Campus Edge started the spring semester by celebrating and learning about Epiphany. Like all good celebrations, it included good food: a meal of salmon, baked potatoes, salad, broccoli, and ice cream (a slight upgrade from the usual Saturday affair, as a way of remembering that it was a holiday/feast day).

We talked a bit about our own experiences with Epiphany, recognizing that many of us had little experience with this church holiday. We were familiar only with the more common definition (Merriam-Webster) of epiphany:

(1) : a usually sudden manifestation or perception of the essential nature or meaning of something (2) :  an intuitive grasp of reality through something (as an event) usually simple and striking (3) : an illuminating discovery, realization, or disclosure.”

It’s not hard to surmise that understanding the true nature of something (i.e., having an epiphany) would appeal to participants at Campus Edge, whose mission is to “seek to address deep questions of spirituality, faith, and an understanding of God” in a spirit of honest intellectual inquiry. There is much good in celebrating this kind of epiphany, but it still doesn’t explain the church holiday.
Those who had spent time participating in highly liturgical churches (e.g., Episcopal, Roman Catholic, or Lutheran) knew Epiphany as the (brief) time within the church year to celebrate the wise men visiting Jesus, the baptism of Jesus and Jesus’ miracle at the wedding of Cana. Epiphany celebrates the epiphany of Jesus: his true nature as the Son of God who is a light to all people and Jesus’ first revelations of himself, through his baptism and his miracle working at the wedding.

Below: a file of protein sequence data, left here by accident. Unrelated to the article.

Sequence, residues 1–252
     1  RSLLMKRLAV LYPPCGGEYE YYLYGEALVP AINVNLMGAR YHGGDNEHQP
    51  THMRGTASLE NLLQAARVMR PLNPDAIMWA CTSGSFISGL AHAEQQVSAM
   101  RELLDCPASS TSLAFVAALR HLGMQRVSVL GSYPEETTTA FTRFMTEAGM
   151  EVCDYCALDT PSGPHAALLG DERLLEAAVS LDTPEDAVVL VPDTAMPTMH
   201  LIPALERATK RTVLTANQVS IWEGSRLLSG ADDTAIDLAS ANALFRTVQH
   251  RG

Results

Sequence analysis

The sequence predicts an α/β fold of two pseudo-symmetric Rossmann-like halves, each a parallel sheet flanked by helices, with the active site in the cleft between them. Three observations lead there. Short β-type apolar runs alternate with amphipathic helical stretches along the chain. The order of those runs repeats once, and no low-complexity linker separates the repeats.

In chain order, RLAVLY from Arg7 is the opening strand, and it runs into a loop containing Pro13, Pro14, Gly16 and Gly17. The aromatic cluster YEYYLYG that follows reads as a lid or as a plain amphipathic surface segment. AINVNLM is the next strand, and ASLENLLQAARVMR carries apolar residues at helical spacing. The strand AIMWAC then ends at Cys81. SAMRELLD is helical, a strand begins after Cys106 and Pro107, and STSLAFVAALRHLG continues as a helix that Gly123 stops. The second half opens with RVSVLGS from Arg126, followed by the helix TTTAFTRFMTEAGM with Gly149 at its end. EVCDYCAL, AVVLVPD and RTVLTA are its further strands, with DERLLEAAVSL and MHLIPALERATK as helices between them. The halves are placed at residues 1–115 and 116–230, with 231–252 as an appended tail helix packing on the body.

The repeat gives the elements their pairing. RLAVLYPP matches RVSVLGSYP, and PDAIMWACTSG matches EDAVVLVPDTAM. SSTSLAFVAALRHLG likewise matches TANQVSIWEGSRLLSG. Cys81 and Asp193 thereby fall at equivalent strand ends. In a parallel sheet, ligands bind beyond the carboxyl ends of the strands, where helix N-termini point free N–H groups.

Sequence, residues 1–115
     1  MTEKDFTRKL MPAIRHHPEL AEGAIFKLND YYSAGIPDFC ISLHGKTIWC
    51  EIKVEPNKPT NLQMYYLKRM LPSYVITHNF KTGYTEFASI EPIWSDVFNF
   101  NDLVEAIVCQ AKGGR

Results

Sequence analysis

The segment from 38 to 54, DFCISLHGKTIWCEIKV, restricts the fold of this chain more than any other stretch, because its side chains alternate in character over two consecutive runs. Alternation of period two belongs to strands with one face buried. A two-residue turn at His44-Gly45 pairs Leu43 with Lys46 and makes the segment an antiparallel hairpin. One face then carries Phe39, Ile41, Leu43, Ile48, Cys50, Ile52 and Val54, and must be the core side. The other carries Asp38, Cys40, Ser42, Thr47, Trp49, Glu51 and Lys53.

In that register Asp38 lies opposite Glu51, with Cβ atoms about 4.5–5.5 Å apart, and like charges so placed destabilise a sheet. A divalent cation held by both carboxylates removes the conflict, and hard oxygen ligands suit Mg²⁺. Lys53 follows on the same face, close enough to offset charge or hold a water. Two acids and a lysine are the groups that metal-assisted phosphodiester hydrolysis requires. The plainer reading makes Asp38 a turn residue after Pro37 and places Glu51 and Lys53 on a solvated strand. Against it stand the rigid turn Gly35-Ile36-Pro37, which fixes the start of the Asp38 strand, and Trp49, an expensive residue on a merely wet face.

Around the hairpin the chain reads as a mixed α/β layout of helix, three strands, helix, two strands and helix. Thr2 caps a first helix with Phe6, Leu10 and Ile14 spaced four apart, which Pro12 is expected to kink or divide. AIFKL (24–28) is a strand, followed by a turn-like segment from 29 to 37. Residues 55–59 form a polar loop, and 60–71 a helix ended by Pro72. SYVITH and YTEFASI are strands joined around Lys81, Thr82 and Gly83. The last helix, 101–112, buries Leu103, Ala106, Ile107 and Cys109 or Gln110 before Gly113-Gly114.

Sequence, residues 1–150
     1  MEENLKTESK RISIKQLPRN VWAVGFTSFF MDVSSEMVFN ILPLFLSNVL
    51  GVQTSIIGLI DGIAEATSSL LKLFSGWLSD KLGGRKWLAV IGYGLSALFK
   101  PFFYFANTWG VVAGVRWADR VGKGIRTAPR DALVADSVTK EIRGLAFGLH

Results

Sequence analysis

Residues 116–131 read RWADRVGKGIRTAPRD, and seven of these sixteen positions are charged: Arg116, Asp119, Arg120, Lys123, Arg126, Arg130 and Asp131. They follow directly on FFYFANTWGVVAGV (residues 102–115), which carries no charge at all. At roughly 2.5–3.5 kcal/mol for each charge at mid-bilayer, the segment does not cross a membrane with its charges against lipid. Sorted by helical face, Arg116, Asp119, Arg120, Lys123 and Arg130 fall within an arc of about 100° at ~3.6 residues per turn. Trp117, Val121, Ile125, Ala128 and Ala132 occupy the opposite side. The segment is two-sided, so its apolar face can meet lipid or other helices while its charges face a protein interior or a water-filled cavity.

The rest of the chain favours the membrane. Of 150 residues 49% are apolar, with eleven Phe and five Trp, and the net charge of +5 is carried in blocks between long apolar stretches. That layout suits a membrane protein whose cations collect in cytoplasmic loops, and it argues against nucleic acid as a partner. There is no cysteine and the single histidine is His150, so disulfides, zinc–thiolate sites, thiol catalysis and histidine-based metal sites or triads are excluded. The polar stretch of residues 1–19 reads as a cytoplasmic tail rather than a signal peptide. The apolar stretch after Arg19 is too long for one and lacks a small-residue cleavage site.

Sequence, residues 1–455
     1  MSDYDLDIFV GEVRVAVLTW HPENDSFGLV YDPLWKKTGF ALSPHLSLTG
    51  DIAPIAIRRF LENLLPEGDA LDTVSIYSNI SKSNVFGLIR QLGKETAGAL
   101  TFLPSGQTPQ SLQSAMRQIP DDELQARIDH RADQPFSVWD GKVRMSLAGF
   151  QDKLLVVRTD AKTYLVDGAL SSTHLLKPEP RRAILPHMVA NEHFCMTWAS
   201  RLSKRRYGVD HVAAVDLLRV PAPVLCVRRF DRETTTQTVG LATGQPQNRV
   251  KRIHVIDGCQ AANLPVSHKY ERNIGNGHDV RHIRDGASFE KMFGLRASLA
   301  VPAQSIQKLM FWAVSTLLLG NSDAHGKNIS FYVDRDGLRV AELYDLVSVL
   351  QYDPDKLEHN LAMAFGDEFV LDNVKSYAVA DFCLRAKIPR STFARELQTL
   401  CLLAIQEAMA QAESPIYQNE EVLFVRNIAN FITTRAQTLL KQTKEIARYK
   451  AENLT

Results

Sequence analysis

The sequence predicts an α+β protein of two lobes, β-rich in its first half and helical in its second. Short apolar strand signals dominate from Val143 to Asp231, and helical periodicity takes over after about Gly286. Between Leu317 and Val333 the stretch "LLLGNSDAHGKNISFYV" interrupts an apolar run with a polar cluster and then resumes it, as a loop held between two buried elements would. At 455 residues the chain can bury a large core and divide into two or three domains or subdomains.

Because light is essential to seeing well, light is often highlighted at Epiphany, as is evidenced in this Epiphany prayer that closed our celebration (from faithandworship.com, adapted slightly):

“Arise, shine, for the Light of the World has come!
Darkness covers the earth and its people, (Isaiah 60:1-2)
but the radiance of God’s Light
burns away its shadows,
illuminates the smallest corner,
and heralds in the start
of a new dawn,
where hearts no longer fear,
souls might be set free;”
where the proud are scattered,
the powerful are brought low,
and the low are lifted up;
where the rich are sent away empty,
and the hungry filled with good things. (Luke 1:52-53)
“Arise, shine, for the Light of the World has come!